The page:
The mineral collection comprises approximately 200,000 samples, of which 4,500 are on public display in the Mineral Hall. It contains around 75 percent of all recognized minerals and 20 types. Essential parts of the collection date back to the late 18th and the 19th century.
The minerals have been put into systematic order according to the crystal chemical Strunz classification. Some individual mineral groups have been displayed in regional order. All samples have been integrated into the systematic collection, irrespective of previous ownership.
A large proportion of samples have been recorded in a digital database. Entries include the name of the mineral, the place and year of the find, previous owners, year and way of purchase, specifications on labels (e.g. originals) and crystallographic idiosyncrasies. .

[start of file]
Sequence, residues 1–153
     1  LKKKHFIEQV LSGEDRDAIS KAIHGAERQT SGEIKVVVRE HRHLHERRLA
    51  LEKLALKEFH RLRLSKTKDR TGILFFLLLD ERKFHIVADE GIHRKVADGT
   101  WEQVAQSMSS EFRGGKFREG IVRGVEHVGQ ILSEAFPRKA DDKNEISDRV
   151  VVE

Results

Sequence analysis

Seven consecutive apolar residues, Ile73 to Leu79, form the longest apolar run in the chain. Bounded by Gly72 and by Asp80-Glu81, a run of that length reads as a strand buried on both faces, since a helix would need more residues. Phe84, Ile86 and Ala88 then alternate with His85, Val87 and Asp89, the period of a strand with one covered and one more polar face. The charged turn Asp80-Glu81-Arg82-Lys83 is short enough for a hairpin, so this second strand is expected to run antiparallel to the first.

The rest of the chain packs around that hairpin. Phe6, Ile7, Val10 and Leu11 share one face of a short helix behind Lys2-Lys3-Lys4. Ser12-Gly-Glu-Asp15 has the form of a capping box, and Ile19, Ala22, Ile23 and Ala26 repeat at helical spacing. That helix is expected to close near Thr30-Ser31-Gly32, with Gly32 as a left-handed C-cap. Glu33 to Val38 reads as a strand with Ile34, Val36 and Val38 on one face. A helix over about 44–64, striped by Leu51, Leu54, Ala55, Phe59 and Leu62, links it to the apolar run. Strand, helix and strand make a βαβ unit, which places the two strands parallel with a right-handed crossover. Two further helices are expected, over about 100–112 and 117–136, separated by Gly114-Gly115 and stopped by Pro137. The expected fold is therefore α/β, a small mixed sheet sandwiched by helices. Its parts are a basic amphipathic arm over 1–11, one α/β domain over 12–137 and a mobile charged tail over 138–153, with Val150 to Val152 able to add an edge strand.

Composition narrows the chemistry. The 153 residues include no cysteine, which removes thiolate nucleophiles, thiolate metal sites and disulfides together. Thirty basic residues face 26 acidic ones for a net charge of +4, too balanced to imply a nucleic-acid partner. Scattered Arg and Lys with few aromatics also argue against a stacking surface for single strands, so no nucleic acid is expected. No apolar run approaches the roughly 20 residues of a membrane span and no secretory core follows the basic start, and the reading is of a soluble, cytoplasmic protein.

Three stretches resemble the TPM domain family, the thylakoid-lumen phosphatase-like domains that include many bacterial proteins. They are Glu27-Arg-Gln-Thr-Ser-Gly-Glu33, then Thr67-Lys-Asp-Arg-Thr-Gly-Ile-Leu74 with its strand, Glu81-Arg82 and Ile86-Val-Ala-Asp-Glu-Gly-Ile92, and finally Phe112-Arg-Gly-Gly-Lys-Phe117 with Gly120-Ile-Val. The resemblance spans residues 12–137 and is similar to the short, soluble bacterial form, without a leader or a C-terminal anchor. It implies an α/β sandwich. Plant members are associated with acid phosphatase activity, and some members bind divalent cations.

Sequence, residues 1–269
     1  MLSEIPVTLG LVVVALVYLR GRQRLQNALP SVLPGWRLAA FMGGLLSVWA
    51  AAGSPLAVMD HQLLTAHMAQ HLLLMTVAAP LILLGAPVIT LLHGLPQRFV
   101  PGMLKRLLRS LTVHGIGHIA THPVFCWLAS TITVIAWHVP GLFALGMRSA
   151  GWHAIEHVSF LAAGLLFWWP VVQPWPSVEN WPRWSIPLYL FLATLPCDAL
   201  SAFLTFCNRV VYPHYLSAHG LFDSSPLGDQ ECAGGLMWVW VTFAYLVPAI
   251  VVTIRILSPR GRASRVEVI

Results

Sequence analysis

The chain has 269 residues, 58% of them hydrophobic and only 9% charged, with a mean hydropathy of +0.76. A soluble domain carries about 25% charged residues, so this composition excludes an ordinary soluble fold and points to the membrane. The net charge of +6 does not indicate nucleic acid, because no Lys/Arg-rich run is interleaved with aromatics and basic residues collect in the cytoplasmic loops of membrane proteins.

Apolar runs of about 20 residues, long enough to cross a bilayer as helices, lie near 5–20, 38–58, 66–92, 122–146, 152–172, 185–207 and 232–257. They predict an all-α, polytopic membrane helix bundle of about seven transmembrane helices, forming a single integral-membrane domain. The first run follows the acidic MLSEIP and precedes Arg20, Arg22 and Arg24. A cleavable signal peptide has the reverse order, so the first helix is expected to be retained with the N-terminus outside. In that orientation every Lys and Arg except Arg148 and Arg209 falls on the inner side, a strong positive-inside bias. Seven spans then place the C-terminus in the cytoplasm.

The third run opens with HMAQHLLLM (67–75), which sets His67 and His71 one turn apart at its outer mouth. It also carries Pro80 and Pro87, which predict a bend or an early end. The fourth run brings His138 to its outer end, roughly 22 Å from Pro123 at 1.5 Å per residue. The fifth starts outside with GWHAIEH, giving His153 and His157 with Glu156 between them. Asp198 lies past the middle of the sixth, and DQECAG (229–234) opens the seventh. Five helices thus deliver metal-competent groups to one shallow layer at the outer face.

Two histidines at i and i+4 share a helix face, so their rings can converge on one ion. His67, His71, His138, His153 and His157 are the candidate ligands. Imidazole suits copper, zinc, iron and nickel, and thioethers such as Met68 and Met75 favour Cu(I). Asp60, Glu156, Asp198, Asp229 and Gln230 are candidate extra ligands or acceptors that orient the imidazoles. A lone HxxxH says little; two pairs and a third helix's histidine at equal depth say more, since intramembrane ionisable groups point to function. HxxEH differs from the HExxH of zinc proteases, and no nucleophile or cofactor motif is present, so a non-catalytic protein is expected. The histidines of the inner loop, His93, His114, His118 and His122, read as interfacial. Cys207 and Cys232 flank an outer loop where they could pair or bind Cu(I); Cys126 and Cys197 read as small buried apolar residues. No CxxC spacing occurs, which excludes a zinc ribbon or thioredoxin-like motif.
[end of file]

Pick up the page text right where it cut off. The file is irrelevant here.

The best-represented regions are the Harz Mountains, Silesia and the formerly Prussian Rhineland. A donation by Archduke Stephan contributed a considerable number of samples from Bohemia and the former Austro-Hungarian territory. There are also large parts of the collection originating from Russia, some from a donation by Czar Alexander I, others from travels to the Ural and Altai Mountains by Alexander von Humboldt and Gustav Rose (1829). In the past decades, many minerals from the mining areas in the Erzgebirge (Ore Mountains), Vogtland, Thuringian Forest and the Mansfeld region.